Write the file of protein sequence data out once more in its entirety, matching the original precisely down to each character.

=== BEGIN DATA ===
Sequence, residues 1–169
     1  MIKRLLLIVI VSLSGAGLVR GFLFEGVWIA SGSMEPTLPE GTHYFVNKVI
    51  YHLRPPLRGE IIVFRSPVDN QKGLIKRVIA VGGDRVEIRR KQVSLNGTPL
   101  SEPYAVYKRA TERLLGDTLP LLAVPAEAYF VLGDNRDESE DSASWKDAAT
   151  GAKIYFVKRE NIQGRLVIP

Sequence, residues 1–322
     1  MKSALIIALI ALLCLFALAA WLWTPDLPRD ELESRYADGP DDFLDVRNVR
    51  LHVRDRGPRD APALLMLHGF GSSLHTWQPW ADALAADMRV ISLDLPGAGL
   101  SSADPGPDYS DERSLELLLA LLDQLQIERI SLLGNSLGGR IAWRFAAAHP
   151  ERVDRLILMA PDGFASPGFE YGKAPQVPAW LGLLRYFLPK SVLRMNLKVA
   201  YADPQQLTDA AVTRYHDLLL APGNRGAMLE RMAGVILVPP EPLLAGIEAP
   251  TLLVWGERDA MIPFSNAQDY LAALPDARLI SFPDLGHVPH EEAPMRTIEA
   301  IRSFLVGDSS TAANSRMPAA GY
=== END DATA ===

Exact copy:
Sequence, residues 1–169
     1  MIKRLLLIVI VSLSGAGLVR GFLFEGVWIA SGSMEPTLPE GTHYFVNKVI
    51  YHLRPPLRGE IIVFRSPVDN QKGLIKRVIA VGGDRVEIRR KQVSLNGTPL
   101  SEPYAVYKRA TERLLGDTLP LLAVPAEAYF VLGDNRDESE DSASWKDAAT
   151  GAKIYFVKRE NIQGRLVIP

Sequence, residues 1–322
     1  MKSALIIALI ALLCLFALAA WLWTPDLPRD ELESRYADGP DDFLDVRNVR
    51  LHVRDRGPRD APALLMLHGF GSSLHTWQPW ADALAADMRV ISLDLPGAGL
   101  SSADPGPDYS DERSLELLLA LLDQLQIERI SLLGNSLGGR IAWRFAAAHP
   151  ERVDRLILMA PDGFASPGFE YGKAPQVPAW LGLLRYFLPK SVLRMNLKVA
   201  YADPQQLTDA AVTRYHDLLL APGNRGAMLE RMAGVILVPP EPLLAGIEAP
   251  TLLVWGERDA MIPFSNAQDY LAALPDARLI SFPDLGHVPH EEAPMRTIEA
   301  IRSFLVGDSS TAANSRMPAA GY